Things made of plastic, from credit cards to spoons to bags, have become so common in our lives that we can hardly think of life without them. Yet all plastics are made from petroleum, which will run out in a few decades. What do we do next?

How plastics are made
All plastics are polymers, that is they are made of a molecule which is itself made of hundreds of small molecules. These units are called monomers. Polyethylene (used in plastic bags) is made from a monomer unit called ethylene. Similarly styrofoam (used in disposable cups and plates) is made from a unit called styrene. PVC, which is used to make things like buckets and even plastic doors, is made from units of vinyl chloride linked to each other by chemical bonds. All these units ultimately come from petroleum. But the reserves of petroleum are quite rare, and will run out in our lifetime.

Plastic from potatoes
Potatoes contain a lot of starch (cellulose), which can be used to make a plastic-like material quite easily and cheaply. This plastic is not very strong or long-lasting. It is also very easily broken down by bacteria (see an article about eco-friendly plastic here). But that makes it the ideal material for making disposable spoons, cups, plates etc. In fact many companies have already begun to do so, and they have given it a nice name too – Spudware!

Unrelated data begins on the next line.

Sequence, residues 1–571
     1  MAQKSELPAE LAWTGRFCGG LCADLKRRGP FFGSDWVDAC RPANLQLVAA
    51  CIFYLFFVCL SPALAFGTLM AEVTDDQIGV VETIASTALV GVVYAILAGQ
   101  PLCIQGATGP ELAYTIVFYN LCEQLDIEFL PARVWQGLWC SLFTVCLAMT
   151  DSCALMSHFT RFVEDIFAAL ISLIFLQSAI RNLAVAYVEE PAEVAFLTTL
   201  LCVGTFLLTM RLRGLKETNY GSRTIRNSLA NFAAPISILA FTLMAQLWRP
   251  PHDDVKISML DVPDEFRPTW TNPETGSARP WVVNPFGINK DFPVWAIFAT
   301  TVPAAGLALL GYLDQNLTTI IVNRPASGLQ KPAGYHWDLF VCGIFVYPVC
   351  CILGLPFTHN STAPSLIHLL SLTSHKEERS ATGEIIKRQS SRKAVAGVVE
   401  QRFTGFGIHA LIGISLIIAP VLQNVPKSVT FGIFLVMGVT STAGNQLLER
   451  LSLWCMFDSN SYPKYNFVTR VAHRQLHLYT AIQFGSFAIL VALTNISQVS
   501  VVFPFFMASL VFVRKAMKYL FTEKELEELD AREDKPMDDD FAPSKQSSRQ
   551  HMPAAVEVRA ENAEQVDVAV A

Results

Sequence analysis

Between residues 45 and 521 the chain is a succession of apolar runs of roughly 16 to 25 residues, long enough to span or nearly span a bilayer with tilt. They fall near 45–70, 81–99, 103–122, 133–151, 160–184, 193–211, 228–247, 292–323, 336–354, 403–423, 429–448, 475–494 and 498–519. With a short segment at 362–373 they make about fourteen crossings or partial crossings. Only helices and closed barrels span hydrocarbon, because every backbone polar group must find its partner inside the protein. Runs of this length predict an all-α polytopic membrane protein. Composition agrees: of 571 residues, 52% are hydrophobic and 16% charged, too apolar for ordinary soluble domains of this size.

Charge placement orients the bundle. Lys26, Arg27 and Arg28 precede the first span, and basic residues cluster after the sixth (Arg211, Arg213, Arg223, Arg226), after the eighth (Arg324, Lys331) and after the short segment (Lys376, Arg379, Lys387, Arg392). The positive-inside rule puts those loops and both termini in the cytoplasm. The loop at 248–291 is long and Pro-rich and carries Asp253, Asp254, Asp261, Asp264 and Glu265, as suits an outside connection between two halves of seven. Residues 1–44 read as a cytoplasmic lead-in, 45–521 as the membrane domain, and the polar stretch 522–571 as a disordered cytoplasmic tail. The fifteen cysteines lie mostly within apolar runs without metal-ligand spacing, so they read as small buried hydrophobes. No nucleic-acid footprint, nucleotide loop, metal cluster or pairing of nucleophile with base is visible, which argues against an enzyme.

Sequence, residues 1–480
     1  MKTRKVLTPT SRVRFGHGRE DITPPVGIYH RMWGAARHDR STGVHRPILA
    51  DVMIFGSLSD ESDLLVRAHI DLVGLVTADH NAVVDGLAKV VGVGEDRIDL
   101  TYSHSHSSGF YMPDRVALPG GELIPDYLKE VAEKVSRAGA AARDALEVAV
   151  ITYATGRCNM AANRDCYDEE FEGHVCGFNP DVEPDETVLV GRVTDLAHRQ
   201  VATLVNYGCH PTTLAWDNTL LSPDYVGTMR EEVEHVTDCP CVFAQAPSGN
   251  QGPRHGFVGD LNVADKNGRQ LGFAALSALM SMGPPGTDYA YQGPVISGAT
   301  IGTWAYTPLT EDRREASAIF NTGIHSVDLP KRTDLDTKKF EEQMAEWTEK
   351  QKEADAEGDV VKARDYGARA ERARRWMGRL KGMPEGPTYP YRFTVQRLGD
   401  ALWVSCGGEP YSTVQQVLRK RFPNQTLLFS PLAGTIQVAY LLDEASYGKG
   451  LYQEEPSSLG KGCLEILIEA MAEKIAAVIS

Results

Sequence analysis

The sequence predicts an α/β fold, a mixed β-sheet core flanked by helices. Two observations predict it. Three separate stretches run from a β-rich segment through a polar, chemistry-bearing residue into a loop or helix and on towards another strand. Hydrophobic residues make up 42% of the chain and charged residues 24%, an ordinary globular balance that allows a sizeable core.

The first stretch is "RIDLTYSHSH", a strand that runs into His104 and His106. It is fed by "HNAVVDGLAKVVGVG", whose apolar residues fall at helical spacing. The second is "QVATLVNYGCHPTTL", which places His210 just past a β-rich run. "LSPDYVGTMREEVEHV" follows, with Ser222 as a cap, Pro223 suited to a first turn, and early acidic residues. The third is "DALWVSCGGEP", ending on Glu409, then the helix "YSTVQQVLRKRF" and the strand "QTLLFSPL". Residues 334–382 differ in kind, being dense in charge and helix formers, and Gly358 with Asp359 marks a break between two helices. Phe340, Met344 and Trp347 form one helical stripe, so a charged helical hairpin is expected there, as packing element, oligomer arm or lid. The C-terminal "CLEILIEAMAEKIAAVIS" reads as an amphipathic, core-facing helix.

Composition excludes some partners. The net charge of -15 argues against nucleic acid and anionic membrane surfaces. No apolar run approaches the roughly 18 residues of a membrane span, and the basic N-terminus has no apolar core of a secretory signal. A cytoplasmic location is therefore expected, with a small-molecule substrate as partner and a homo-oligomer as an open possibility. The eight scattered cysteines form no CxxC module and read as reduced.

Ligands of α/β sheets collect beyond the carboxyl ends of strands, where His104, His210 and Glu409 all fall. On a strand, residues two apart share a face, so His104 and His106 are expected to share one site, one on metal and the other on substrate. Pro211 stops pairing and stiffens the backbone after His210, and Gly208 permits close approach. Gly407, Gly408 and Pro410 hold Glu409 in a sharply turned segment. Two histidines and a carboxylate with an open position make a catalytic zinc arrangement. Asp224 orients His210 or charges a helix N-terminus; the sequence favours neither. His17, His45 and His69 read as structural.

Plastic from chicken feathers and soybeans
The circuit board you see on electronic devices is made of a light but durable plastic, on which tiny electronic circuits are soldered on. As computers, mobile phones and other electronic gadgets spread through the world, we’ll need millions of these feather-bean boards!

Orangeware